Securing the Xinted services
Securing the Xinetd example with Telnet:
Checking the disabled services inside the xinted
# grep disable *
This shows all the disabled services inside the xinetd.d directory.
Enabling the Telnet in Xientd (Telnet has been outdated and fully replaced with ssh. But this will give more idea about securing the Xinetd services).
Change the "disable" directive to "no" or comment it out to enable the service on boot.
The key directive that applies to all deamons defined in xinetd is configured in /etc/xinetd.conf, which is called the global configuration.
Eg:- Maximum instalnce (instance = 50), log_type = SYSLOG authpriv (check the syslog configuration to find the facility authpriv where that logs to), The maximum number of connections to the service (cps = 25 30). This can be overwritten by the indivigual configuration of the xinetd directives.
Securing the Telnet (can use the same procedure to secure other Xinetd services):
Telnet uses /etc/issue.net file as "banner" while users trying to connect. So make a banner with security warning and remove the superfluos information about the version of the OS / Patch etc.
Use /etc/securetty file to edit the available terminals
Include the follwing directive to telnet deamon configuration file.
# vim /etc/xinetd.d/telnet
only_from = 192.168.10.1
# or if need more hosts to allow
only_from = 192.168.10.1 192.168.10.2 host2 10.0.0.1
So this makes telnet service can be only access from 192.168.10.1. Even the access to the localhost will be only provided when the IP (127.0.0.1) has been listed to the derivative, else xinetd will deny the request from localhost.
Allow the service access at given time only
# access_times = hour:min-hour:min
access_times = 20:00-20:20
This makes the service available only between 20:00 to 20:20, and any request coming beyond the time will be rejected
no_access = 10:30-16:30 #makes the service "to not listen" for the time period of 10:30AM to 4:30PM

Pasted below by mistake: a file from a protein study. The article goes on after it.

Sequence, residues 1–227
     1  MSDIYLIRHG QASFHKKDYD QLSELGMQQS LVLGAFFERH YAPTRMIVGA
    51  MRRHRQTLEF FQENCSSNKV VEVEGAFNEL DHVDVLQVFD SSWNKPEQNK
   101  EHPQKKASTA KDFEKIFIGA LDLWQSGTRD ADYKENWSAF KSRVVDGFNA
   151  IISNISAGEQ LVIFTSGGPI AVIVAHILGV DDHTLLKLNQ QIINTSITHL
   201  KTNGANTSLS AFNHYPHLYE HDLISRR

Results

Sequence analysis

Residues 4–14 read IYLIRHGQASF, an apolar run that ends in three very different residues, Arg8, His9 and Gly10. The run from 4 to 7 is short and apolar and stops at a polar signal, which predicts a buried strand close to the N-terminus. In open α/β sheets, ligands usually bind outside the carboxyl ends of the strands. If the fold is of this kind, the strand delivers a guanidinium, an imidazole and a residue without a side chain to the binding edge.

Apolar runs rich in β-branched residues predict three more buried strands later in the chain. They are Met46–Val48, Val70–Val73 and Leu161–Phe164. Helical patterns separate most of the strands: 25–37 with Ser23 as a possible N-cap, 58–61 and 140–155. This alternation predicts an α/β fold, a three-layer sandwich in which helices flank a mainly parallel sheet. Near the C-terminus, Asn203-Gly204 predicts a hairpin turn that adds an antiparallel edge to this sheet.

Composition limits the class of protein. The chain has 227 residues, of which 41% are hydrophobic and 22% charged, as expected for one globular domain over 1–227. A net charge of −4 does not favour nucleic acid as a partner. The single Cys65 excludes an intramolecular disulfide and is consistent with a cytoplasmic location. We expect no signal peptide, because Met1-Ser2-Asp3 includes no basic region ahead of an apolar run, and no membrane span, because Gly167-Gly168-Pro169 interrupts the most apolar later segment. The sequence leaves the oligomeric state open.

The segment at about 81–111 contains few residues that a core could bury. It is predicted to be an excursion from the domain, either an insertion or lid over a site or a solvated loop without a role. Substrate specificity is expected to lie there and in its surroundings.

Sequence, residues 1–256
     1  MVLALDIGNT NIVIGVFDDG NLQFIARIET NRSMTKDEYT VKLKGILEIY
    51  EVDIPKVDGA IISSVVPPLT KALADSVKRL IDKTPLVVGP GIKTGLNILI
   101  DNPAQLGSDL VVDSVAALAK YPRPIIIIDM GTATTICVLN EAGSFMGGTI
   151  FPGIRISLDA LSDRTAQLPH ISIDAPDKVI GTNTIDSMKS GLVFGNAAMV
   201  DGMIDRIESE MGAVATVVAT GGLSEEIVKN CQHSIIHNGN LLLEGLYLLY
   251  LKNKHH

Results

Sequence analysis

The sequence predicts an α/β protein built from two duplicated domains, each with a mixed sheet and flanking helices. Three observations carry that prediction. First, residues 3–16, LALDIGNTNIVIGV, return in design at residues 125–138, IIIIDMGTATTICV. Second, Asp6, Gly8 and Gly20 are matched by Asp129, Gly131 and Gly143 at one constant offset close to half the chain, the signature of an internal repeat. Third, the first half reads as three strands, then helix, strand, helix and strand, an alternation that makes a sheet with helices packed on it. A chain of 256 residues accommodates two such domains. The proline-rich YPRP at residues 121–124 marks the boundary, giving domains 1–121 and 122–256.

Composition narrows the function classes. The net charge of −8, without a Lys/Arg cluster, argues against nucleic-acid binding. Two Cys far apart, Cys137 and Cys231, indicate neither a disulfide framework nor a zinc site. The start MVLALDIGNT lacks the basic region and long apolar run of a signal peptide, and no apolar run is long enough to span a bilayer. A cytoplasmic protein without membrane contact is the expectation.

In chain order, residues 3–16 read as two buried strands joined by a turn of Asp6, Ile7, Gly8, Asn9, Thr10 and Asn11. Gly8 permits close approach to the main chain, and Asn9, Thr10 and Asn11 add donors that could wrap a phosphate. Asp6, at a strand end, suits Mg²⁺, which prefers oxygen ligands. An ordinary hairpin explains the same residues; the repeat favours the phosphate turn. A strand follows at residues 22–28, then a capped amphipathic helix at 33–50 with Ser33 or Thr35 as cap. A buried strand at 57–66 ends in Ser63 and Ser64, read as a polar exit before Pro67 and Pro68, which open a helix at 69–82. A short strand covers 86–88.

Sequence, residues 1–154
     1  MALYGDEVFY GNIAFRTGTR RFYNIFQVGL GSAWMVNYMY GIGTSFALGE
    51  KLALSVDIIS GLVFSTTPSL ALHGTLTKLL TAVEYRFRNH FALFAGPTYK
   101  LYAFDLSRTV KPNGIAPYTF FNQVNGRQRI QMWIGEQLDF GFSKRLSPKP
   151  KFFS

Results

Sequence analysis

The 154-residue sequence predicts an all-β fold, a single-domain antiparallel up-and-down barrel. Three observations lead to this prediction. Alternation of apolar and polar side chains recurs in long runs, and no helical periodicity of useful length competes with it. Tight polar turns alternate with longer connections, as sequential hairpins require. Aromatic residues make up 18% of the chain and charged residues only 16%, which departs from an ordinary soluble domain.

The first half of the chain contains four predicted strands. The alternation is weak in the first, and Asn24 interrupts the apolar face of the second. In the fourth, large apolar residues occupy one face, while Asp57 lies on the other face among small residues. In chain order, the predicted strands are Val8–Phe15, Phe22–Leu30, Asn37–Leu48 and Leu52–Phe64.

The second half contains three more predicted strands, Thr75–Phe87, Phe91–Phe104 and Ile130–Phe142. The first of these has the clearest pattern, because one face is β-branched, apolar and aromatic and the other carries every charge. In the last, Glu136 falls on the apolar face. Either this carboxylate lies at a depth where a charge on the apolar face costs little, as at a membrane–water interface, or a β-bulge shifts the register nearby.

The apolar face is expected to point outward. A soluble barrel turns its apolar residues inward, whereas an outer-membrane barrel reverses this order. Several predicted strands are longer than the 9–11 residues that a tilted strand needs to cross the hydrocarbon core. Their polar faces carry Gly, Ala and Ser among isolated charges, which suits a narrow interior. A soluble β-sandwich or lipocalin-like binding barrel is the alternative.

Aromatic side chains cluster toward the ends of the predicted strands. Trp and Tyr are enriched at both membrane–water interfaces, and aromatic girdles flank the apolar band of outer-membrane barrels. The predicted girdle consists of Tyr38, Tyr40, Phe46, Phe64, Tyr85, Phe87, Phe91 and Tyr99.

Xinetd logs with the facility "authpriv" (log_type derivative in xinted)and according the syslog the authpriv will be logged to /var/log/secure.
Change the standard port to non standard port
port = 23354
This makes the service to new port. And it makes the hackers a bit harder to findout the new running port (Always keep in mind security should be implemented in layers).
TCPWrappers: (Other layer of security)
Security Layers that will be implemented for a xinetd service.
TCPWrappers(source address) -> XINETD(based on timing/connection address) -> TELNET(credentials) (/usr/sbin/in.telnetd)
XINETD(based on timing/connection address) -> TCPWrappers(source address) -> TELNET(credentials) (/usr/sbin/in.telnetd)
Here is the 3 layers of security and one more layer can be added with IPTables as 4th layer of security.
TCPWrappers relies ipon 2 files
TCPWrappers first reads the file /etc/hosts.allow and process i. If no match is found it will read the file /etc/hosts.deny and will process. If there isn't any match in both the file then it permits the access to deamon.
Usuallly rules are defined in hosts.allow and a catchall rule is defined in hosts.deny. As soon a change is made to each file the TCPWrappers takes effect immediately.
#service: client_list : programs to spawn
in.telnetd : 192.168.1.10
This permits the access from the host 192.168.1.10 to telnet.
in.telnetd : ALL
This will make the service to deny all.
"Now in the above scenario when a new connection makes to the telnet service the TCPWrappers will check the hosts.allow file first. Now the rule for IP 192.168.1.10 is set to allow the connection. So TCPWrapper allows the request from this source. But if other request is coming from any other source address the TCPWrappers will deny the request, bcoz the hosts.deny file has been defined as a catchall rule for in.telnetd.
Overall only the IP 192.168.1.10 will be allowed. TCPWrapper first process the hosts.allow file then the hosts.deny"